Shoe covers vs. Winter shoes- Mtbr.com
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  1. #1
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    Shoe covers vs. Winter shoes

    Which do you prefer and why?

    Do you consider shoe covers as a cheaper solution or does it work well enough for you?

  2. #2
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    I used neoprene covers (Pearl Izumi) for a few years with limited success. Even with the heaviest wool socks I could fit and still wiggle my toes, my feet still got cold. I'm happier with the Shimano MW80s I got last year. I got them a size bigger to accommodate heavy socks. I still need chemical inserts when it gets below 30C. I think if I had it to do over, I'd spring for Lakes, which are reputed to be warmer.

    All that being said, depending on the temps and weather you ride in, and your toes' tolerance for cold, covers may work fine for you. Plenty of folks like them for less than extreme conditions.
    Use it, use it, use it while you still have it.

  3. #3
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    I did something different. My regular clipless shoes had lots of ventilation. This works well in the summer but cool spring and fall days were uncomfortable and in the winter either I couldn't ride or had to put on two pairs of socks and my feet were still cold. I picked up a set of downhill clipless boots with fewer breathing points. Out of the box, they were better than my regular shoes for cool weather but still not good enough for cold winter days. I read somewhere that most of the heat is lost through bottom of the shoes. I glued a piece of polar fleece to the bottom of the removable insole on one shoe. Although it was a little tighter on the inside, the shoe with the additional liner was more comfortable than the shoe without. I added the same polar fleece to the remaining shoe and now I have no problems riding on days that dip even into the 20's.

    I considered shoe covers but they tend to get torn up quite easily and only block the wind, not the cold. Dedicated winter shoes are expensive and are limited use. My modified boots work well for three seasons (fall, winter, spring) and my regular shoes also work well for three seasons (spring, summer, fall) .

    Hope this helps.

  4. #4
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    Quote Originally Posted by Gasp4Air
    I used neoprene covers (Pearl Izumi) for a few years with limited success. Even with the heaviest wool socks I could fit and still wiggle my toes, my feet still got cold. I'm happier with the Shimano MW80s I got last year. I got them a size bigger to accommodate heavy socks. I still need chemical inserts when it gets below 30C. I think if I had it to do over, I'd spring for Lakes, which are reputed to be warmer.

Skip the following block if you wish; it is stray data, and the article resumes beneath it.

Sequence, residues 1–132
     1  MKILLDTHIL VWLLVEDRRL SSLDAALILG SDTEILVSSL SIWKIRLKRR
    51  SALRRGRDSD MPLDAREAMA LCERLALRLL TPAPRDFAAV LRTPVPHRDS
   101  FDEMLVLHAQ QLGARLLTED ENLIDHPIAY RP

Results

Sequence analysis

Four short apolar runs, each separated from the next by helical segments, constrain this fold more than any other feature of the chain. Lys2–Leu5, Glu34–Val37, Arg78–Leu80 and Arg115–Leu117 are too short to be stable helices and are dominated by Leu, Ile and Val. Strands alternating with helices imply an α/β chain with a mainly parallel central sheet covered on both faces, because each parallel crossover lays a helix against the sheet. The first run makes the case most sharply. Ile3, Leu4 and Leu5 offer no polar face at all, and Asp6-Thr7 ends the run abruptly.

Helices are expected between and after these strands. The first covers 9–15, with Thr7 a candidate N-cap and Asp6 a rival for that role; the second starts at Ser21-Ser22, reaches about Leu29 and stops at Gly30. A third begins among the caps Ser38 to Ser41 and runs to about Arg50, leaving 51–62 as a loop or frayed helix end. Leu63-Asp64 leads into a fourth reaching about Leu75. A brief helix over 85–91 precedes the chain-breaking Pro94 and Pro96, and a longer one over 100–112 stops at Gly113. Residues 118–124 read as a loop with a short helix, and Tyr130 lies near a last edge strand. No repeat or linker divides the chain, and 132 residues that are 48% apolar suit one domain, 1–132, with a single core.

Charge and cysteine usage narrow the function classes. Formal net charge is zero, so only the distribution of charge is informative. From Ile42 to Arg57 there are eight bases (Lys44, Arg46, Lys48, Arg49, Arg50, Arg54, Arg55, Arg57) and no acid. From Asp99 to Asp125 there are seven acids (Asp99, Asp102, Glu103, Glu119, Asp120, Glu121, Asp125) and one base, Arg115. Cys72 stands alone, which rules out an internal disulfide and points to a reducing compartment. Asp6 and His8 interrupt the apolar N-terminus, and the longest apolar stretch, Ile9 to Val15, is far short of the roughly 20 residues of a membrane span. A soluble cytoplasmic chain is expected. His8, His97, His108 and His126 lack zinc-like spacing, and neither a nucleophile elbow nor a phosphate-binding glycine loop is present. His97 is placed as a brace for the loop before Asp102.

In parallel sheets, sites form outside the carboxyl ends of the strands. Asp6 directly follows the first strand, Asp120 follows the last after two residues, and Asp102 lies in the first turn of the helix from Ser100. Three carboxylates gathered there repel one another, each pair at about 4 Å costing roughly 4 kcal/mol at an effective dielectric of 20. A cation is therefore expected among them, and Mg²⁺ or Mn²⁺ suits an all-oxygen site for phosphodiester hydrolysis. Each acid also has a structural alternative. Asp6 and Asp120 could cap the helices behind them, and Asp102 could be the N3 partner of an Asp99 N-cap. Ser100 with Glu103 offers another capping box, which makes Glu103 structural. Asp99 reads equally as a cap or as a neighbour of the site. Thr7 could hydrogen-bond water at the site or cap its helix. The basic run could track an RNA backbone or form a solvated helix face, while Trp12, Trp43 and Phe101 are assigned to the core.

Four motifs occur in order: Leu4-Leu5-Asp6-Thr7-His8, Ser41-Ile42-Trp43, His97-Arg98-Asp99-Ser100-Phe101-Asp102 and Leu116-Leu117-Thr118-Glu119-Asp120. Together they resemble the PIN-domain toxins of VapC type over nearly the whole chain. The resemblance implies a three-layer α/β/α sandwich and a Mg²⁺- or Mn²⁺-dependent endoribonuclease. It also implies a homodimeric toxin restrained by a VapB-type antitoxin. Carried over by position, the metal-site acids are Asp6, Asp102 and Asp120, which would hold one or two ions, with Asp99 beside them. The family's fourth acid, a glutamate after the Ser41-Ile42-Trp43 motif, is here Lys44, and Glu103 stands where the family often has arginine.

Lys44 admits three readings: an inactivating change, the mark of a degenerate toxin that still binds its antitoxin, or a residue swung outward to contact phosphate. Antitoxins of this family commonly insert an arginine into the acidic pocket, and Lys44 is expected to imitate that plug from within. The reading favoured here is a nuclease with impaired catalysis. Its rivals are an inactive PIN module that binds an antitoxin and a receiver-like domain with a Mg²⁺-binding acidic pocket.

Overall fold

All that being said, depending on the temps and weather you ride in, and your toes' tolerance for cold, covers may work fine for you. Plenty of folks like them for less than extreme conditions.
    So, to make sure, we are talking 30F not C right? cause 30C is like High 80's F, and I can't imagine chemical warmers needed.

    My 2cents. I made due with shoe covers for awhile by putting a fiberboard shim under the footbed (these are commonly used for alpine boot fitting) to help with heat transfer to the cleat. I just bought the Shimano winters though, and have used the Lakes which are fantastic.

  5. #5
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    Quote Originally Posted by zombinate
    So, to make sure, we are talking 30F not C right? cause 30C is like High 80's F, and I can't imagine chemical warmers needed.
    .
    Oops, right. I should have used the F word .
    Use it, use it, use it while you still have it.

  6. #6
    AZ
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    P.I. booties and wool socks to about 0 f. Works well for about 2 hrs. For temps below 0 f. Lake MX 302 .

  7. #7
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    Quote Originally Posted by Lumbee1
    shoe covers... tend to...only block the wind, not the cold.
    I agree with the above quote.

    Everybody has a different tolerance level, but for me, it goes something like this:

    Cool - Vented cycling shoes
    Cold - Neoprene shoe covers
    Coldest - Switch to flat pedals and warm boots.

    I don't ride enough in "coldest" temperatures to justify dedicated winter cycling shoes.
    When under pressure, your level of performance will sink to your level of preparation.

  8. #8
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    After years of trying different combinations of socks and shoe covers, for off road there is no substitute for dedicated insulated and waterproof winter shoes (I use specialized defrosters), especially in snow. I'm trying shoe covers for a while on the road bike with road shoes, but I suspect I'll eventually be putting the eggbeaters back on it and using the defrosters for road also. Once acclimated I can tolerate the cold pretty well, but like most people frozen toes are my weak link.

  9. #9
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    I ride road down into the high 20s and PI booties work great. 2-3 hour winter rides.

    I try not to over-accessorize too. Less is more...

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